• Loss of productivity. Back pain is the most common reason for disability in working adults.
  • Nerve damage. If your back pain is from a herniated disk, pressure on the spinal nerves may cause a variety of problems, such as weakness, numbness, or severe shooting pain that travels from the back to the leg.
  • Depression. Back or neck pain can disrupt all aspects of life. This includes work, physical exercise, social activities, and sleep. The anxiety and stress caused by the change in movement and pain can lead to depression.
  • Weight gain. Loss of movement and inability to exercise can lead to weight gain and the loss of muscle strength.

It is a good idea to see a healthcare provider if you have numbness or tingling, or if your pain is severe and does not get better with medicine and rest. If you have trouble urinating, have weakness, pain, or numbness in your legs, fever, or unintentional weight loss, call your healthcare provider right away.

Can I prevent neck and back pain?

The following may help to prevent back and neck pain:

  • Practice correct lifting techniques. Don't lift heavy items. When you do lift something, bend your legs, keep your back straight, and then slowly lift your body and the object.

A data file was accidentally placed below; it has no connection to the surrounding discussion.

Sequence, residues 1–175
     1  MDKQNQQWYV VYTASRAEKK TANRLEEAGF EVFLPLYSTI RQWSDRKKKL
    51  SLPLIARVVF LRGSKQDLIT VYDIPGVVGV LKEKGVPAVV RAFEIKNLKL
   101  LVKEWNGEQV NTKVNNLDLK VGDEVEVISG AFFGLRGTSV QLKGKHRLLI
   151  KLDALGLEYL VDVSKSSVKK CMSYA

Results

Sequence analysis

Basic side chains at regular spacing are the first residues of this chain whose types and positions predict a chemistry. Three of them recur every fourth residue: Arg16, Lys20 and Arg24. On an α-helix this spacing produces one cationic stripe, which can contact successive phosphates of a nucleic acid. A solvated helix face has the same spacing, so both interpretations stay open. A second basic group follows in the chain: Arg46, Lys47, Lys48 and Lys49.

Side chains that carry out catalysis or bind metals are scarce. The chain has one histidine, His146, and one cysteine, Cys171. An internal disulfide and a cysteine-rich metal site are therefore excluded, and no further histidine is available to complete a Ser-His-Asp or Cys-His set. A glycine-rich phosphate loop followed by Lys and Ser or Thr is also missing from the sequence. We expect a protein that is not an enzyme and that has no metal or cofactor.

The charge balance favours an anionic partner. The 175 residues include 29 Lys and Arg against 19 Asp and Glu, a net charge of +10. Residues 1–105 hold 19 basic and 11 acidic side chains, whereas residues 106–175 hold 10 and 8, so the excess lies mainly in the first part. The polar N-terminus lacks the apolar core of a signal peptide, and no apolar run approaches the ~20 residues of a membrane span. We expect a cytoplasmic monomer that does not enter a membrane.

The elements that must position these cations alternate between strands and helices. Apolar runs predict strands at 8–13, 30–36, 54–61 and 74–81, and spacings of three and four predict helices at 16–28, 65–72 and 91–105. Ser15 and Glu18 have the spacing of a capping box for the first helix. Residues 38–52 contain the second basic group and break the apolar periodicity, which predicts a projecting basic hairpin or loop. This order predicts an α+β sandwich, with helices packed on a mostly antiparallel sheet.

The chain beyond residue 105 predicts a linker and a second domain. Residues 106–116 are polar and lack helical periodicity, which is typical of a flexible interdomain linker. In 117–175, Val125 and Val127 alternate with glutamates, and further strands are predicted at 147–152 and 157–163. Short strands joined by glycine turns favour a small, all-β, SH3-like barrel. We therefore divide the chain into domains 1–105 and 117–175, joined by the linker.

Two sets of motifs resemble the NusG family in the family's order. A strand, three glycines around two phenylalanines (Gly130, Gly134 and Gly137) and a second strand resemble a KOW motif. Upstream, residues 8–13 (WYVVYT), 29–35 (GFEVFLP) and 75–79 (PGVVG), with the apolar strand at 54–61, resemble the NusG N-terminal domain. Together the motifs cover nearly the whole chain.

• Wear a seat belt in motor vehicles in case of a collision.
  • Use telephones, computers, and other equipment correctly.
  • Maintain correct posture while sitting, standing, and sleeping.
  • Exercise regularly. Learn back-strengthening exercises to keep your back muscles strong. Warm up with stretching exercises before doing back exercises.
  • Do exercises that improve your balance.
  • Don't smoke.
  • Stay at a healthy weight
  • Reduce emotional stress that may cause muscle tension.
  • Get enough vitamin D and calcium in your diet.

When should I call my healthcare provider?

See your healthcare provider if you have:

  • Loss of bladder or bowel control, with weakness in either leg. These symptoms attention right away.
  • Severe back or neck pain that does not decrease with medicine and rest
  • Pain after an injury or a fall